Goodlatte: Rules amendment strengthens mission of OCE
Published on The Hill.
The word ethics carries a heavy weight in the halls of Congress, and with good cause. The men and women elected to represent the American people should be held to the highest standards. That’s something with which I wholeheartedly agree. Nearly a decade ago several Members of Congress were involved in major ethics scandals, some of which resulted in those Members serving prison time. While the legal system dealt with their actions in an appropriate manner, the House looked inward at its own practices to ensure that ethical challenges were being handled appropriately, in line with the Constitution, and in a manner that reflected the best intentions of our elected representatives.
Out of this review came the Office of Congressional Ethics, or OCE. This nonpartisan, independent office was founded partially to add an additional layer of review over Members and staff of the House of Representatives, but primarily to serve as a receiving forum for complaints from members of the public. As a former member of the House Committee on Ethics, and the acting Chairman of the Committee for one investigation, I know how important a robust investigative body can be to uphold the high standards expected of Congress by the American public.
Since the OCE was first created, it has gone through some growing pains, and the House has now had nearly a decade of results to make necessary improvements that will strengthen the OCE and provide important constitutional protections for those being investigated. As the House has done since the initial resolution creating the OCE, the Rules package adopted on the opening day of the 115th Congress includes important changes to OCE operations.
An amendment I offered builds upon and strengthens the existing OCE by maintaining its primary area of focus – accepting and reviewing complaints from the public – while providing additional due process rights for individuals under investigation, as well as witnesses called to testify. It also changes the name of the OCE to the Office of Congressional Complaint Review (OCCR) to avoid confusion with the Committee on Ethics and more accurately reflect its mission.
Feedback from Members and staff having gone through review by the OCE has been that those under investigation need increased protection of their due process rights, greater access to basic evidentiary standards, and a process that does not discriminate against them for invoking those rights. The amendment seeks to strengthen each of these needs while maintaining the basic core of OCE’s functions. To be very clear, while the name may change, the office maintains its independence and mission to review complaints against Members and staff from the public.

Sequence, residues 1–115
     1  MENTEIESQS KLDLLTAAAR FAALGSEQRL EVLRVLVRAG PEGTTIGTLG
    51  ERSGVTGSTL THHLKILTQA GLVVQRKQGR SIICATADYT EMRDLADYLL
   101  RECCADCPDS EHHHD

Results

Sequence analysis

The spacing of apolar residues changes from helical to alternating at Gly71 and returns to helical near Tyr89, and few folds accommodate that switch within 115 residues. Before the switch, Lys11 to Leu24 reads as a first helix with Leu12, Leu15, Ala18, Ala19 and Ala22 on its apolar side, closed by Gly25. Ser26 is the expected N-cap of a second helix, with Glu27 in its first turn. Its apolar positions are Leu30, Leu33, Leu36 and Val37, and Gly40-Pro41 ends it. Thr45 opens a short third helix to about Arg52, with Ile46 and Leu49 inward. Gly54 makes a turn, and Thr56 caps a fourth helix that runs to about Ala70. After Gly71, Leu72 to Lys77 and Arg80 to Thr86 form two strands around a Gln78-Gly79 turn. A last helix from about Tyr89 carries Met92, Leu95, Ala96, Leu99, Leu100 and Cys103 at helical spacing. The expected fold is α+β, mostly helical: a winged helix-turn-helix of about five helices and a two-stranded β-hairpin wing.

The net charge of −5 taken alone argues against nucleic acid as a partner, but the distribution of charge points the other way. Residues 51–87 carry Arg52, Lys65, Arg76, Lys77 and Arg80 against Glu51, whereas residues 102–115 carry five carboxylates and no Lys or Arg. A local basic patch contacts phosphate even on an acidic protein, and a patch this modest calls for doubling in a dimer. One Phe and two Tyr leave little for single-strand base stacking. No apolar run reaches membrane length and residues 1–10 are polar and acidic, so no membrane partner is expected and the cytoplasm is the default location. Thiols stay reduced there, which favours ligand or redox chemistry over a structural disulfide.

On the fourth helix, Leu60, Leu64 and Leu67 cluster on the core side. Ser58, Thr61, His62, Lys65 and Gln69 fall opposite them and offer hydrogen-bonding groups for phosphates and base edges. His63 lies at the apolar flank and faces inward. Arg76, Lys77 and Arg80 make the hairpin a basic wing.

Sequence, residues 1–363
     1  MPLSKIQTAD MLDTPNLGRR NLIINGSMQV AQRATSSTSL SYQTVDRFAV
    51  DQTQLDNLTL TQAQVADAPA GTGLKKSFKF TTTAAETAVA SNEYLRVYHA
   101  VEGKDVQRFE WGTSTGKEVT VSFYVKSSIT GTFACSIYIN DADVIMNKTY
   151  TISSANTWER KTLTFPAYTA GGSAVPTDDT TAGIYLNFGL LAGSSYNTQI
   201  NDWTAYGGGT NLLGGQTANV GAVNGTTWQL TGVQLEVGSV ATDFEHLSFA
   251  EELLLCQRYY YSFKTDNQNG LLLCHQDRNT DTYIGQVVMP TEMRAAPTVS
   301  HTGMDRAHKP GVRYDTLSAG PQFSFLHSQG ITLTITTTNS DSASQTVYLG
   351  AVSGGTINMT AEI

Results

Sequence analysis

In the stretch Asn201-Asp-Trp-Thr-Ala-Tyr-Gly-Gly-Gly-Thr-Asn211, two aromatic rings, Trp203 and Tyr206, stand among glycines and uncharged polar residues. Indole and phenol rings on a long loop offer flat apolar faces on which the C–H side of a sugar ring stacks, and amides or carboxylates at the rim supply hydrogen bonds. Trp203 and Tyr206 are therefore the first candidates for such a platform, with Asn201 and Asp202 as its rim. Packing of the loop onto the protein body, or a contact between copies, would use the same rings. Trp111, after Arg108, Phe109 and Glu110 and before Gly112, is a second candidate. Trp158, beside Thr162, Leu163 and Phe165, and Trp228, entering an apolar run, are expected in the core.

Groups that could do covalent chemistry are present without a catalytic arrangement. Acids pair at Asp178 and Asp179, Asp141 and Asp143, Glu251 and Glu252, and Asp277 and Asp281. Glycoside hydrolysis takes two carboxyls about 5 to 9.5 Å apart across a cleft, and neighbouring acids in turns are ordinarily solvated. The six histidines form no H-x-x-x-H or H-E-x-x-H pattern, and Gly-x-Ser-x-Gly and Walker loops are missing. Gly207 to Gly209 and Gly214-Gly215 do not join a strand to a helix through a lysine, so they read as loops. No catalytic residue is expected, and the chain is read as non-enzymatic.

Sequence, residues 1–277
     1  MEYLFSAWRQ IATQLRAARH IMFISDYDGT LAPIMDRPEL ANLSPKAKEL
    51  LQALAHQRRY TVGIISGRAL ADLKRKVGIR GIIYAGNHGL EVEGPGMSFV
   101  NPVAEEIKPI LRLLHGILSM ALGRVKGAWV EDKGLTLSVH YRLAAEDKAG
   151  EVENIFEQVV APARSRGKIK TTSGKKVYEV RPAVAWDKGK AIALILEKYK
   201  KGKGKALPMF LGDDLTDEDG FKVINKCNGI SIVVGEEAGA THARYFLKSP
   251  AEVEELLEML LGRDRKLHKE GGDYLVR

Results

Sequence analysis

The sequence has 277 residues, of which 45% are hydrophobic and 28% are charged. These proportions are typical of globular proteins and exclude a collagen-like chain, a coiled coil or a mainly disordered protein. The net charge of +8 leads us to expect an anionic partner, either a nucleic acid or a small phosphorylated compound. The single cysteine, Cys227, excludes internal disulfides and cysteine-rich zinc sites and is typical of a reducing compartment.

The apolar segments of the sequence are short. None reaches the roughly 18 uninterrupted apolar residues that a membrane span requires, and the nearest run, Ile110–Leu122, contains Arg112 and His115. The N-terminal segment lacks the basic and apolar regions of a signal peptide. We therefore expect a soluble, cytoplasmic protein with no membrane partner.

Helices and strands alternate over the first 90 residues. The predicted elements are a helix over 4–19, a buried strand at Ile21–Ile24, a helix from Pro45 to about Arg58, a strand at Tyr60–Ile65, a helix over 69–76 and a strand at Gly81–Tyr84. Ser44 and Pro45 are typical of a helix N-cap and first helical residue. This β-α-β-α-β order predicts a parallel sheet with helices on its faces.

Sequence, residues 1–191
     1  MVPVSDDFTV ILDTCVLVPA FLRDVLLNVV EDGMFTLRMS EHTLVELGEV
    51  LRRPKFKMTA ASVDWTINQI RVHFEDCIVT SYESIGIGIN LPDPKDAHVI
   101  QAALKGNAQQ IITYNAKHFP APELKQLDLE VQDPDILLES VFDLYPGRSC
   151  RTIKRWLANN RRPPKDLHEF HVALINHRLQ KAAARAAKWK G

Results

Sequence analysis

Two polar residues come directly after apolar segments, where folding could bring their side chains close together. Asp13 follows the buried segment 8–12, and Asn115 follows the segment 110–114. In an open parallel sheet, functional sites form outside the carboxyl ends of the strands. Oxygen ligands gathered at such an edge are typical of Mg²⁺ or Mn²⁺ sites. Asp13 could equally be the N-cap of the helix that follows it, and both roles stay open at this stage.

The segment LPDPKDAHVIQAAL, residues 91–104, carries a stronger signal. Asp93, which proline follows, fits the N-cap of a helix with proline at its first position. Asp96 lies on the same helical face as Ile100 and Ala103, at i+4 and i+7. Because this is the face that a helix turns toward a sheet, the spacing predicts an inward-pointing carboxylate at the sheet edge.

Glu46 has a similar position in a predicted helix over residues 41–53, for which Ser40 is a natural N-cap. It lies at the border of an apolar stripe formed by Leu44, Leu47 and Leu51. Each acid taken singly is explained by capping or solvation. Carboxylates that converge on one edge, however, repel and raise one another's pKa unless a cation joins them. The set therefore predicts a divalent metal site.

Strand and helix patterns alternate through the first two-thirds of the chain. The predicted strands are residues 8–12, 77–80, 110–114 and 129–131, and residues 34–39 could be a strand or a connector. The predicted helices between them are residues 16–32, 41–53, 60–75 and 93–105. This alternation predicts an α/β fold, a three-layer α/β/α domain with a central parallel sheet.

For decades the House Ethics Committee has worked in a bipartisan manner to investigate alleged abuses by Members and staff. Their track record of confidentiality, of operating in a “hermetically sealed chamber,” is the gold standard for an investigative body. The OCCR should do the same to protect the accused’s rights and preserve the integrity of the investigation. Due to the sensitive and confidential nature of the investigations, the amendment provides strong protections against any disclosures to the public or other government entities, and requires that any matter that may involve a violation of criminal law must be referred to the Committee on Ethics for potential referral to law enforcement agencies after an affirmative vote by the Members. These provisions taken together ensure the rights of the accused are protected throughout the investigation and not subject to litigation by the media, as well as ensuring that any criminal matters are properly referred to law enforcement agencies by Members of Congress, not the unelected staff of OCCR.
An important principle of effective governance is that all parts of the federal government, whether found in the legislative, executive, or judicial branch, should be subject to proper oversight. That is why my amendment ensures that OCCR will be subject to oversight by the Committee on Ethics. This provision does not mean that the Committee on Ethics will be able to dictate outcomes or impede a properly conducted investigation, but rather that their budget, their rules and procedures, and their impact on House operations will be reviewed in the context of a fellow investigative body.
Another of the basic tenets of American law is that the accused have the right to confront their accuser in a court of law. Today the OCE is able to accept anonymous complaints, meaning literally anyone from anywhere in the world can send something through a website and potentially disparage the reputation of a Member without a basis in fact. Responding to an anonymous accusation drags good people’s names through the mud, costs the accused tens of thousands of dollars, and costs people their jobs. And when the anonymous complaint is found to be frivolous none of that is returned. This amendment requires OCCR to create rules that disallow anonymous complaints, something that will prevent frivolous complaints and allow the OCCR to focus their time and energy on legitimate complaints.
The bottom line is that if Congress wants the American public to have a venue to make complaints against Members of the House, an important goal that I share, then it needs to work, it needs to protect the rights of the accused, and it needs to remain confidential throughout the investigative process. The amendment in the House Rules package strengthens the mission of the OCCR, restores constitutional due process rights to the accused, and ensures that the Office of Congressional Complaint Review remains a strong and independent review board throughout the 115th Congress.
Bob Goodlatte represents the 6th District of Virginia and chairs the House Judiciary Committee.